BC Geographical Names

Name Details:

Name: McDiarmid Falls
Feature TypeClick here for a list of
Feature Types.
:
Waterfall - Perpendicular or steep descent of water; variant of Fall
StatusClick here for an explanation of Status.: Official
Relative Location: Near the mouth of Grouse (Moul) Creek, E side of Clearwater River in Wells Gray Provincial Park, Kamloops Division Yale Land District
Latitude-LongitudeClick here for an explanation of Position Type.: 51°50'00''N, 120°03'19''W at the approximate centre of this feature.
DatumClick here for an explanation of Datum.: NAD83
NTS MapClick here for an explanation of NTS Map.: 92P/16
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Origin Notes and History:

McDiarmid Falls adopted 30 May 2002 on 92P/16, as proposed February 2000 by Roland Neave, and endorsed by The Friends of Wells Gray Park, Clearwater & District Chamber of Commerce and BC Parks District office; NOT Wind Falls as identified in "Nature Wells Gray", by Trevor Goward, published by The Friends of Wells Gray Park, 1989 (photo p.7; map p.75). Support for McDiarmid Falls, not Wind Falls, re-affirmed by The Friends of Wells Gray Park, February 2002 (file M.1.61).
Source: BC place name cards, or correspondence to/from BC's Chief Geographer or BC Geographical Names Office
About 10m high; located 100m downstream from Moul Falls and 150m upstream from the creek's confluence with Clearwater River.
Source: BC place name cards, or correspondence to/from BC's Chief Geographer or BC Geographical Names Office
"....refers to Garfield (better known as Mac) and Cecile McDiarmid, a pioneer family of the Clearwater Valley. They moved to the area in 1944 and purchased 160 acres of land just south of Grouse Creek (DL 3048). In 1956 they purchased a separate property of 70 acres (north half DL 3050) beside the Clearwater River and adjacent to both Moul Falls and "McDiarmid Falls". At the time, both waterfalls were on Crown Land, but are now just inside the new boundaries of Wells Gray Provincial Park. In the late 1940s, the McDiarmids established several cabins along the Clearwater River and their guiding business attracted many guests to the fabulous river fishing. In 1950, the McDiarmids started construction of Trophies Lodge and it opened to business in 1953. Their guests stayed a night at Trophies Lodge, then were taken by horse down to the Clearwater River to stay in one of the fishing cabins for a week or longer. The McDiarmids prepared and served gourmet means in this remote area and even provided nightly entertainment because Cecile was a trained opera singer. Some of their guests were renowned, including the Vanderbilts of railway fame and the DuPonts of chemical company fame. H.R.MacMillan was usually a guest twice a year and eventually purchased the property north of DL 3050. Even royalty stayed at Trophies Lodge when Wallis Simpson arrived, albeit anonymously, and it was years before the McDiarmids learned that she had been there and signed their guestbook with a pseudonym. When a logging road was built along the Clearwater River in 1965, the fishing was all but destroyed within a few years. By 1973 the fishing cabins [had been] abandoned and the McDiarmids closed Trophies Lodge as a business, but continued to live in the large log building. Cecile contracted Alzheimer's about 1976 and died 10 years later. Mac lived alone at the Lodge until 1995, then moved into Clearwater to be near his daughter, and died at the age of 92 in May 1998." (February 2000 proposal from Roland Neave, current owner of the McDiarmid's Clearwater River property and Trophies Lodge)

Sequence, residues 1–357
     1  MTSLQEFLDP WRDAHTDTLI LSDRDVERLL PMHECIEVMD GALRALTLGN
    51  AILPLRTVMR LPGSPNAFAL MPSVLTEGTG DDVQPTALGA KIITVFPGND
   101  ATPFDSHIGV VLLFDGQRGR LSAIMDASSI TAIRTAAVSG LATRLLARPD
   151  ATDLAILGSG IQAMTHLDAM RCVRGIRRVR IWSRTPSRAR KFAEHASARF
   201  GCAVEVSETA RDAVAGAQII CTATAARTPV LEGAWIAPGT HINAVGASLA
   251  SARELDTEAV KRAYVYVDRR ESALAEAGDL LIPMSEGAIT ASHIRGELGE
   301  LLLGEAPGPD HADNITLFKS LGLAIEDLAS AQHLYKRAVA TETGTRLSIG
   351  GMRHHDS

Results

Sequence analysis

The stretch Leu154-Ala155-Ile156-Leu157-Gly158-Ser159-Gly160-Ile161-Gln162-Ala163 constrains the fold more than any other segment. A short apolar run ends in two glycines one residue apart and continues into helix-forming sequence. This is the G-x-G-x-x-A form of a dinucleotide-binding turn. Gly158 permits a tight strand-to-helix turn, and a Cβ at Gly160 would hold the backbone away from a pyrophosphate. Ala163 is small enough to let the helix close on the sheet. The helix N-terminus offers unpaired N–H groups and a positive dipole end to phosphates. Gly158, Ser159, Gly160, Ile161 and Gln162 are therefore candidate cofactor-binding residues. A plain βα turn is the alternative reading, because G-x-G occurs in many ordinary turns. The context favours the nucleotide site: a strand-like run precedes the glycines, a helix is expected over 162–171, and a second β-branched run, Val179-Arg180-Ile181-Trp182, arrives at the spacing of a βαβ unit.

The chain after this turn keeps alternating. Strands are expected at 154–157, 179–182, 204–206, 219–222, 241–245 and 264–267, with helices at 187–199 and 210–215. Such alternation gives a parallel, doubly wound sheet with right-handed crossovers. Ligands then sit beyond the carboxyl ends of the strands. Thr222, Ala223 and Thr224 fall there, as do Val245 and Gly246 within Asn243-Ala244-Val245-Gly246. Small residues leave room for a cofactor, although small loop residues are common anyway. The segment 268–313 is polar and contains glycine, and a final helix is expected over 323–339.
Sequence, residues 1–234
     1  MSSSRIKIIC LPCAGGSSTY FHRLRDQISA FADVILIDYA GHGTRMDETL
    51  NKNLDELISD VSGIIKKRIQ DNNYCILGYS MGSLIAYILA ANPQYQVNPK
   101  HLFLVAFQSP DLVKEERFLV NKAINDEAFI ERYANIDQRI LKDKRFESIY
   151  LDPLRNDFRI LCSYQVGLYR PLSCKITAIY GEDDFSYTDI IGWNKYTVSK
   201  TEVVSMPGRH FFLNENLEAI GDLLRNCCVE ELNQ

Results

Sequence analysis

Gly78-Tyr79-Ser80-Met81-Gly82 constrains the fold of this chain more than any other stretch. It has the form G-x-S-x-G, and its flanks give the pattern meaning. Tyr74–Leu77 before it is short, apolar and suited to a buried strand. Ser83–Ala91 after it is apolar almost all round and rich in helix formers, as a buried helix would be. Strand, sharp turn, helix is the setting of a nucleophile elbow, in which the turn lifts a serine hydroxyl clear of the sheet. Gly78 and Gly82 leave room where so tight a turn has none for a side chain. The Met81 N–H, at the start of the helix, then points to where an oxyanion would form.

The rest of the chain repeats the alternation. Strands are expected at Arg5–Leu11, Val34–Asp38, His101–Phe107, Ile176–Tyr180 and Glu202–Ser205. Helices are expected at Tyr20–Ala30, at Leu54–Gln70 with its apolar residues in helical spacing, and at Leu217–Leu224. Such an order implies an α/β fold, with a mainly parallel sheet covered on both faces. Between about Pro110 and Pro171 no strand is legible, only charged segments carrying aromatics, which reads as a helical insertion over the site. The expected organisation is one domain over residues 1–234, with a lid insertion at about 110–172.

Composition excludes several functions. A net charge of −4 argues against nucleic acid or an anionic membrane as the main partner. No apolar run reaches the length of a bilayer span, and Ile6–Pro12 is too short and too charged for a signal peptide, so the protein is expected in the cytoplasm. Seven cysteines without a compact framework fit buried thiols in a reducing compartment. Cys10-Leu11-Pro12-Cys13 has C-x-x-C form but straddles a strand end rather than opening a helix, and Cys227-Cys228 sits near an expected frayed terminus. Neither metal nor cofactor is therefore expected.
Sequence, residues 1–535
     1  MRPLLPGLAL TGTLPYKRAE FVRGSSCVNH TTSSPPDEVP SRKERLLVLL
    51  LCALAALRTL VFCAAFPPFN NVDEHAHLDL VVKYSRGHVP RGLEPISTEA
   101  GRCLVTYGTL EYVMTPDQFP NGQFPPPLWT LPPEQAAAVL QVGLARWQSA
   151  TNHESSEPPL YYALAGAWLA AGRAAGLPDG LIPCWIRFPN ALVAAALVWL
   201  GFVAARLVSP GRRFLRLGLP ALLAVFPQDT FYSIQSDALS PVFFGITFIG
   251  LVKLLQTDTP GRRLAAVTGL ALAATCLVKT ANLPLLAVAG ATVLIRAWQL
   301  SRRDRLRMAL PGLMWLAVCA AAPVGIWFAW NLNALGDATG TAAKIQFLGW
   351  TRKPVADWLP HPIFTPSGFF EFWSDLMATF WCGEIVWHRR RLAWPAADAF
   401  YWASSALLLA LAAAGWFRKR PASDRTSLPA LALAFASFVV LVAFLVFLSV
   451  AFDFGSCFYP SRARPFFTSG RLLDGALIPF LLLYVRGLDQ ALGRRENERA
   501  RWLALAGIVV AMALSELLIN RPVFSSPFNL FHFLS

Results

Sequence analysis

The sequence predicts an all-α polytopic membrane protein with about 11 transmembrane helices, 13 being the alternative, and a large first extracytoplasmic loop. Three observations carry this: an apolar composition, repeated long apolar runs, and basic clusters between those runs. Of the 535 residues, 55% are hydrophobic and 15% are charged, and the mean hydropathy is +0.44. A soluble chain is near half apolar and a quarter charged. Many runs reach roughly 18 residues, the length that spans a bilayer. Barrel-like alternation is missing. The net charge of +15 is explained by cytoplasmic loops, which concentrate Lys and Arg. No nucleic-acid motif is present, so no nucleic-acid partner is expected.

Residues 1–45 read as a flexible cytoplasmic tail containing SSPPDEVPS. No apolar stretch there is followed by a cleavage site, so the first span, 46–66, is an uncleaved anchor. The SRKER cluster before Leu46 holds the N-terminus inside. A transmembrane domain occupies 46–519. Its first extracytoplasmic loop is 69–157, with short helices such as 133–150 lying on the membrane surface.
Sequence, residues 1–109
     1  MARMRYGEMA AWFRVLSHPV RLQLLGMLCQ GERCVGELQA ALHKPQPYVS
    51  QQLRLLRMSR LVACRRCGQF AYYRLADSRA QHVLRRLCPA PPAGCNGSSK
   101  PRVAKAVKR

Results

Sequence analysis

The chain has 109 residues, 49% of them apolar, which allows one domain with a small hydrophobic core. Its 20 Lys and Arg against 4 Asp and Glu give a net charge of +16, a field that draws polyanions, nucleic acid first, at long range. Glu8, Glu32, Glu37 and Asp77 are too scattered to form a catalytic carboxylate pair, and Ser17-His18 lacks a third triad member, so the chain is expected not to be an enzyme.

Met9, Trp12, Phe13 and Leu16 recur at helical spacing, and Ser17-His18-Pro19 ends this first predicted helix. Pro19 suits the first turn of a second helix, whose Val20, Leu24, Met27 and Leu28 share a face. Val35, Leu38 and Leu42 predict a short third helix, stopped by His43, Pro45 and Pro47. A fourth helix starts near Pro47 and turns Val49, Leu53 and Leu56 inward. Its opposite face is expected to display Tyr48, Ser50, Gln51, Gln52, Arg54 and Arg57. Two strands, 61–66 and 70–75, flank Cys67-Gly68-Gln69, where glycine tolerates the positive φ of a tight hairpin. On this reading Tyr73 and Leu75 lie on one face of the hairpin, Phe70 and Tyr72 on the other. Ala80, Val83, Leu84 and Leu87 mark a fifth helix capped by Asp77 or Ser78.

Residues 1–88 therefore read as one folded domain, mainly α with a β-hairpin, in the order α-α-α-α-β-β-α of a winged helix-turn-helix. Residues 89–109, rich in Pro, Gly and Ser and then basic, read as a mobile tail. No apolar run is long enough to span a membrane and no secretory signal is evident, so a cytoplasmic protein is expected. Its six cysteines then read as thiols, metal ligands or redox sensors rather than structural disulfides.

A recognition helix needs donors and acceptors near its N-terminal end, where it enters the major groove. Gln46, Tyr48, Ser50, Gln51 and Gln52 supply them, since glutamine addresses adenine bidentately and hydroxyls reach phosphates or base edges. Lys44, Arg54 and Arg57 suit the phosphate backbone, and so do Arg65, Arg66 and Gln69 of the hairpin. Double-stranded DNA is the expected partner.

Source: BC place name cards, or correspondence to/from BC's Chief Geographer or BC Geographical Names Office
G.G. (Mac) and Cecile McDiarmid...married 58 years. "...they raised horses and some livestock, but their main business was developing a fishing and hunting resort. Dad cut and maintained many trails in the area (Battle and Trophy Mountains, Grouse Hill, Green Mountain) but mainly along the Clearwater River between Grouse Creek and Mahood River, where he and mom also built several tent shelters and a cabin at Whitehorse Bluffs....many of these trails and foot bridges are still in use. Mom worked diligently fund raising to purchase a piano for the local community hall. When they had accomplished their goal, mom played the piano - gratis - for all the dances for many years!" (May 1999 letter from Gloria McDiarmid Petre)
Source: BC place name cards, or correspondence to/from BC's Chief Geographer or BC Geographical Names Office